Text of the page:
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Holiday Shows and Performances for Seattle Families

ParentMap’s annual December arts guide is here

Published on: November 29, 2023

Holiday Shows and Performances for Seattle Families

Image from the play Georgiana and Kitty at Taproot Theatre
“Georgiana & Kitty: Christmas at Pemberley” at Taproot Theatre. Credit: Robert Wade

Holiday theater

“A Very Electric Christmas”
If you’re tired of the classics, consider this fresh story of a bird named Max who gets blown off course on his flight south for winter. Landing at the North Pole, he encounters dancing toy soldiers, caroling worms and performing poinsettias in a cutting-edge light show with glow-in-the-dark dancers on a darkened stage. Classic music by Nat King Cole, Mariah Carey and Tchaikovsky anchor the show in tradition, as do its themes of family, friendship and hope. Nov. 16–Dec. 31. $40–$73. Seattle Childrens Theatre, Seattle.

“Georgiana & Kitty: Christmas at Pemberley”
It’s the third and final postscript to the beloved Jane Austen classic “Pride and Prejudice.” You don’t need to be familiar with Lauren Gunderson and Margot Melcon’s previous stories about the other Bennet sisters to enjoy this holiday show about the babies of the Bennet and Darcy families. “Georgiana & Kitty” promises music, ambition, sisterhood and forgiveness as antidotes to the chronic holiday challenges of meddling families and outdated expectations. Recommended for ages 12 and older. Nov. 22–Dec 30. $20–$57. Taproot Theatre, Seattle.

“Irving Berlin’s White Christmas”
Based on the classic holiday movie, “Irving Berlin’s White Christmas” follows four performers during their Christmas gig at a Vermont resort. The title song and other standards from the movie, paired with onstage snowfall, make this a favorite holiday musical for the whole family. Other family friendly treats include the Dickens Carolers and appearances by Santa and Mrs. Claus at select showings. Children younger than 4 are not admitted. Nov. 25–Dec. 27. $39–$149. The Fifth Avenue Theatre, Seattle.

“Snowed In”
Inspired by classic holiday TV specials and musicals about putting on a musical, ArtWest is presenting a self-aware holiday play about writing a holiday play. When ArtsWest sends four artists on a retreat to write the world’s best holiday show, a blizzard hits and tensions rise. Never mind the perfect play, they’re going to need some holiday magic just to finish the project. Nov. 30–Dec. 23. $40–$45. ArtsWest Playhouse and Gallery, Seattle.

“Miss Bennet: Christmas at Pemberley”
“Miss Bennet” is a sequel to Jane Austen’s “Pride and Prejudice” and the first in a trilogy about the other Bennet sisters by Lauren Gunderson and Margot Melcon. Set two years after the book ends, the play gives the dowdy middle sister, Mary, an opportunity to step out of the shadows and maybe even find love. Dec. 1–23. $30. SecondStory Repertory, Redmond.

“A Charlie Brown Christmas”
Your kids can help Charlie Brown overcome the commercialization of Christmas with Taproot Theatre’s production of “A Charlie Brown Christmas.” Based on the television Christmas special classic about a pageant, a spindly tree and a heartfelt speech, the play’s runtime is only 40 minutes, short enough to hold even the squirmiest child’s attention. Dec. 1–30. $7–$32. Taproot Theatre, Seattle.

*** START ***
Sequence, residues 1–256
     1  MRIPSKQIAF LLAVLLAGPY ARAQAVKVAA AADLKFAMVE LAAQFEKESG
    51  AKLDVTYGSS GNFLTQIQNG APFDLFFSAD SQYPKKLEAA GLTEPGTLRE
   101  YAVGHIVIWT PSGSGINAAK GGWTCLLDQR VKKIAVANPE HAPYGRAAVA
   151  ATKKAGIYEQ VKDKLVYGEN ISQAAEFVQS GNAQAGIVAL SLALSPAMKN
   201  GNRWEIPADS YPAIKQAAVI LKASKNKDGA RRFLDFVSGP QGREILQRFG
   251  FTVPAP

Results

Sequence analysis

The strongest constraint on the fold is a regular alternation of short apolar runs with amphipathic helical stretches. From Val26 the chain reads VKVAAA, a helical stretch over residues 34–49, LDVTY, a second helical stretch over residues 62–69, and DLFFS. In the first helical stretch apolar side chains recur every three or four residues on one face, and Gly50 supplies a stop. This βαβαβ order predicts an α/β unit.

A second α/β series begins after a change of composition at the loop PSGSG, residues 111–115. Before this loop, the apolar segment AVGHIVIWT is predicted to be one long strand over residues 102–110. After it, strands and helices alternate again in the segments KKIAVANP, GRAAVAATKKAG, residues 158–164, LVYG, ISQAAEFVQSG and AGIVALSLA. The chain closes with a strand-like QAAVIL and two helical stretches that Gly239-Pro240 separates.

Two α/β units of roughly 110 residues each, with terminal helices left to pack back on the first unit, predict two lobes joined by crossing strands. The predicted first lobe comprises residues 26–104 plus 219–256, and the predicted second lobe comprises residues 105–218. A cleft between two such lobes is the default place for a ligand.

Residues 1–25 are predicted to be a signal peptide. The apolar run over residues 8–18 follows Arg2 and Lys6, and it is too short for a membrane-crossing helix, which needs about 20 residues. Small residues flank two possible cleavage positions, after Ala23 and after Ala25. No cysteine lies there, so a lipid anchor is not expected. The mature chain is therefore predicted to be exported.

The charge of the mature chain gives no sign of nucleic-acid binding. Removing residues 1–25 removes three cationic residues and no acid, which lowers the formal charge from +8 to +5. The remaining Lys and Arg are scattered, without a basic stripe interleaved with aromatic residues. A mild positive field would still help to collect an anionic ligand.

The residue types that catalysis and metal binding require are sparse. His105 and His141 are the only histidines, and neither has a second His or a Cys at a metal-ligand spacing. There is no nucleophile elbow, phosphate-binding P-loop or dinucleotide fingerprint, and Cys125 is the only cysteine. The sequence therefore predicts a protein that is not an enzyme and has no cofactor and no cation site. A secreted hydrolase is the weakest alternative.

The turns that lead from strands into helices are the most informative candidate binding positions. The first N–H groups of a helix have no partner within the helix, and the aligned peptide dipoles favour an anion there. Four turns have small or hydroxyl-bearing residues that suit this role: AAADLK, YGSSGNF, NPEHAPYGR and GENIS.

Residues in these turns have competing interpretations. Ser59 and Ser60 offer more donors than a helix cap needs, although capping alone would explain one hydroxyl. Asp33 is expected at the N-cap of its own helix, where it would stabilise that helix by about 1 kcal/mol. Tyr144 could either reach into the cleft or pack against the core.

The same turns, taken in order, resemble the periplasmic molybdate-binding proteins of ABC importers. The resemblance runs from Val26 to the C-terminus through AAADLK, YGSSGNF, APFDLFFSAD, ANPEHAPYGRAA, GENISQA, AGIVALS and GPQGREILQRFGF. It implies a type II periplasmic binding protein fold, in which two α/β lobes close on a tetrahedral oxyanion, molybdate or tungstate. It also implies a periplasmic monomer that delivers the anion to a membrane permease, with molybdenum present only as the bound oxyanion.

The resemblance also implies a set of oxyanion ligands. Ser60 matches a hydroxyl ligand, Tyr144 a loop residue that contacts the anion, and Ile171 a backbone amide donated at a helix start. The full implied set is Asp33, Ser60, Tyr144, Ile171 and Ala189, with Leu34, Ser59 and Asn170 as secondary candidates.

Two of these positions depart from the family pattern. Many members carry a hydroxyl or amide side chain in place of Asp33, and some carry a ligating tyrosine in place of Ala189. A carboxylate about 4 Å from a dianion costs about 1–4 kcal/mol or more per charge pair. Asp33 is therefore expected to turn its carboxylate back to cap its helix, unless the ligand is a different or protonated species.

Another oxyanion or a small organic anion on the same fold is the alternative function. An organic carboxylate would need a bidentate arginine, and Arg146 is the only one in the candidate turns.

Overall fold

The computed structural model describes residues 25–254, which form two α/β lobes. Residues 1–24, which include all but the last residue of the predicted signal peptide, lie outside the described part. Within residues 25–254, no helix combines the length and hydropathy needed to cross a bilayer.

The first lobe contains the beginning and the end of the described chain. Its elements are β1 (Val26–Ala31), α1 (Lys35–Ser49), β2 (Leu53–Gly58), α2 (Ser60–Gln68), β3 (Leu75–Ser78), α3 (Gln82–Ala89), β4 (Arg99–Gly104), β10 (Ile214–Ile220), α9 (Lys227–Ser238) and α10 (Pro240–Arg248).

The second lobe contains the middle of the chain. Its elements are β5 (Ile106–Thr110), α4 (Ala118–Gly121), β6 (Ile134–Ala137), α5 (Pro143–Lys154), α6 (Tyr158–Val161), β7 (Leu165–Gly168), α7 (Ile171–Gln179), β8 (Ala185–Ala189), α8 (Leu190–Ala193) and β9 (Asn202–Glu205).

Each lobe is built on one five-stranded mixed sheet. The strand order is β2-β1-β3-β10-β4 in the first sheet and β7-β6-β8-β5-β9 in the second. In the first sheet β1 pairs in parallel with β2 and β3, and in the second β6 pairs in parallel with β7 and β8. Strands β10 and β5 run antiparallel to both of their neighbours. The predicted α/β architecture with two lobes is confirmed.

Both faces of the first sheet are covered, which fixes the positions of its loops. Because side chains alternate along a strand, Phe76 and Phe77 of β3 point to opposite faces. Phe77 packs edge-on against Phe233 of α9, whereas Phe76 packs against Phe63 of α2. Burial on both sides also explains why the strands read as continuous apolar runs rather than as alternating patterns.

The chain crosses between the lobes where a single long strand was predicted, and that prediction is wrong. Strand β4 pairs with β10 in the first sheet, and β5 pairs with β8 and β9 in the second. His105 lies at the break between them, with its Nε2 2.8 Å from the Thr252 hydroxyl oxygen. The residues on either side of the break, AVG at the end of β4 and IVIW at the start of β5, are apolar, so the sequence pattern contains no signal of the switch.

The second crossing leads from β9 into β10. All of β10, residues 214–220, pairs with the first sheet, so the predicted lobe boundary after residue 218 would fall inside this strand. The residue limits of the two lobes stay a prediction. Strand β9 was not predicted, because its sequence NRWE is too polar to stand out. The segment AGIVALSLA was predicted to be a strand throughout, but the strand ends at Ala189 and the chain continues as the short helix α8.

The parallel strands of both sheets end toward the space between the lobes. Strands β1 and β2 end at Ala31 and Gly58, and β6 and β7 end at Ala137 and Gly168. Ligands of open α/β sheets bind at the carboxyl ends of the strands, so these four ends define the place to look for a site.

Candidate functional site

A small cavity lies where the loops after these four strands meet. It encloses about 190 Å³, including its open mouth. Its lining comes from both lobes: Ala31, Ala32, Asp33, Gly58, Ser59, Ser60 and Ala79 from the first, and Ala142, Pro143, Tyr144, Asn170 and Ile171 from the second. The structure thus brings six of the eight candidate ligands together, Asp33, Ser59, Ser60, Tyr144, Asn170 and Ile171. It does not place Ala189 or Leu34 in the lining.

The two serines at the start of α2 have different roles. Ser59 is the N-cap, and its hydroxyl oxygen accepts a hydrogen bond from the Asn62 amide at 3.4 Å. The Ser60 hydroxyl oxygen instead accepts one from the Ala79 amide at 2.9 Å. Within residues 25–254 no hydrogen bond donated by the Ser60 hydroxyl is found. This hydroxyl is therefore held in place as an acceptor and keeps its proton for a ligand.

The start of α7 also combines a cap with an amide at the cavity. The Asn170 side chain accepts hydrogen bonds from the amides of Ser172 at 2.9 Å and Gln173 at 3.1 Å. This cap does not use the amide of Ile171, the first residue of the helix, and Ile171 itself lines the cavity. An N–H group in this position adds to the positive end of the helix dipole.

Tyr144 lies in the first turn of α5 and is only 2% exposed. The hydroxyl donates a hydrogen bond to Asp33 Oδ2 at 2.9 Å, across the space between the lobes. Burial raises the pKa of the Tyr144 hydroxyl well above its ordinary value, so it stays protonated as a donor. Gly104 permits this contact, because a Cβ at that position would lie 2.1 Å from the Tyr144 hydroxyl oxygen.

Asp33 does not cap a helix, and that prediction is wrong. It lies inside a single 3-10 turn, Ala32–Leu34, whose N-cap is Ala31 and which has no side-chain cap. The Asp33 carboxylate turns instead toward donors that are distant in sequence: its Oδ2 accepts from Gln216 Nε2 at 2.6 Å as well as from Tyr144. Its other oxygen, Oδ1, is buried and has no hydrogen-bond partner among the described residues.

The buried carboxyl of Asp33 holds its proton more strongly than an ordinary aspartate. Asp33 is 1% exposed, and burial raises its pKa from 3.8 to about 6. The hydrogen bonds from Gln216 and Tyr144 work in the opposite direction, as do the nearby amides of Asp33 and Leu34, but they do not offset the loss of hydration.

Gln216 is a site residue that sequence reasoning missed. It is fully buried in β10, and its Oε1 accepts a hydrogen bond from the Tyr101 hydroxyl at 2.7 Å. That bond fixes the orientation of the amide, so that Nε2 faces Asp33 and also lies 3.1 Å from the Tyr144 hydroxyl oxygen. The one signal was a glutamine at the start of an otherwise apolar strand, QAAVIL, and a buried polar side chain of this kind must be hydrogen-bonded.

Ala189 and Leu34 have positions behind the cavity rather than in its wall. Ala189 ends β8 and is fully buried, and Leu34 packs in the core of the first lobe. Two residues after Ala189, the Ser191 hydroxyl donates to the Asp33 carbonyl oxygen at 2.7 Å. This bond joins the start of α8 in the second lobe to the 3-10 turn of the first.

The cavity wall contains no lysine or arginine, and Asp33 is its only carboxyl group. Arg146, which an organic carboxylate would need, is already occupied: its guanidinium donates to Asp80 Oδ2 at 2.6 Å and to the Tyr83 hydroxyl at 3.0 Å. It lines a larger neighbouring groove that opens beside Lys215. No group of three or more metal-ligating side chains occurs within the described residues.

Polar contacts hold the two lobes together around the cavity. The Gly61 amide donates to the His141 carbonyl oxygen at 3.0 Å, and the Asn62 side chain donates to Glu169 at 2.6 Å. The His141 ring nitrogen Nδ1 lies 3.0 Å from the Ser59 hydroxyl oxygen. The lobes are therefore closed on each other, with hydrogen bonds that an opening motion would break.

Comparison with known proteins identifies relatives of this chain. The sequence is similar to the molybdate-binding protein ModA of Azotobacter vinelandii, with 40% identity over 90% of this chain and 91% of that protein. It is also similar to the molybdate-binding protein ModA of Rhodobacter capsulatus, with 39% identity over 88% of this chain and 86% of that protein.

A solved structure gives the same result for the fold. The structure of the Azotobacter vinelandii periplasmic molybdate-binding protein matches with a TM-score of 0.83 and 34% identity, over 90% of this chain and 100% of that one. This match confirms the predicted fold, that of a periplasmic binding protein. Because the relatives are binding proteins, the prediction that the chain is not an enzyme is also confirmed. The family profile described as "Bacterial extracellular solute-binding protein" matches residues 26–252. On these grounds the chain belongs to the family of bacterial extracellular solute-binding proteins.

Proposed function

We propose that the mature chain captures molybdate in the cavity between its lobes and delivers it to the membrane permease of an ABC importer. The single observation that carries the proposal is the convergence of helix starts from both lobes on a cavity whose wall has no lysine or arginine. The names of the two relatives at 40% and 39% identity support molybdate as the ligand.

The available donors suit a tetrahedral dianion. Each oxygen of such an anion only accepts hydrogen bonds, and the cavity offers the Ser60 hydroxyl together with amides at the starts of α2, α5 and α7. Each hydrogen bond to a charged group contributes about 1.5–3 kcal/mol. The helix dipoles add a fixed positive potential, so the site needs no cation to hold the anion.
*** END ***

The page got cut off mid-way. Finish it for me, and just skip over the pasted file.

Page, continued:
“It’s a Wonderful Life: A Radio Play”
Reimagining one of America’s favorite holiday movies as a 1940s live radio play, Olympia Little Theatre brings dozens of characters to the stage to tell the story of the fateful Christmas Eve that reminded George Bailey what really matters in life. Dec. 1–17. $10–$16. Olympia Little Theatre, Olympia.

“A Christmas Story, The Musical”
The 1983 “Christmas Story” movie, set in 1940s Indiana, walks a fine line between heartfelt nostalgia and sidesplitting comedy. But no matter how funny stockinged leg lamps, bunny jammies and flagpole licking might be, musical theater, presented here by ManeStage Theatre Company, has a way of tipping things toward the heartfelt, making this a Christmas dream that probably won’t shoot your eye out. Ages 4 and older. Dec. 1–17. $30. Liberty Theater, Puyallup.

“The Velveteen Rabbit”
If you want those warm holiday feelings without quite so much Christmas, Olympia Family Theater presented “The Velveteen Rabbit.” The simple story about a little boy’s favorite Christmas gift contains powerful lessons about the way that love makes us both beautiful and real. Dec. 8–31. Recommended for ages 5 and older. Pay what you can, $5–$35. Olympia Family Theater, Olympia.

“Rudolph the Red-Nosed Reindeer”
An all-new musical adaptation of the classic holiday television special, “Rudolph the Red-Nosed Reindeer” contains hits like “Holly Jolly Christmas” and, of course, the titular song, along with all your favorite weirdo, outcast characters, ready to teach another generation that what makes you different is what makes you special. Dec. 8–31. $31. Tacoma Little Theatre, Tacoma.

“Black Nativity”
After a decade off the stage, “Langston Hughes’ “Black Nativity” is being revisited by Intiman Theatre, with an all-new creative team led by Valerie Curtis-Newton. The reimagined production celebrates the Christmas story with actors, dancers, soaring vocals, a rousing gospel choir and the chance to sing along. Dec. 12–30. $5–$105. Broadway Performance Hall, Seattle.

“Christmas With C.S. Lewis”
For some young readers, discovering the Christian themes in “The Chronicles of Narnia” was a disappointment. For others, it made the much-loved children’s fantasy series even more precious. If your family is in the second group, this play about an Oxford Christmas hosted by author C.S. Lewis, who shares the story of his own conversion, will be a must-see. Dec. 21. $64. Theater on the Square, Tacoma.

Up next: Comic romps

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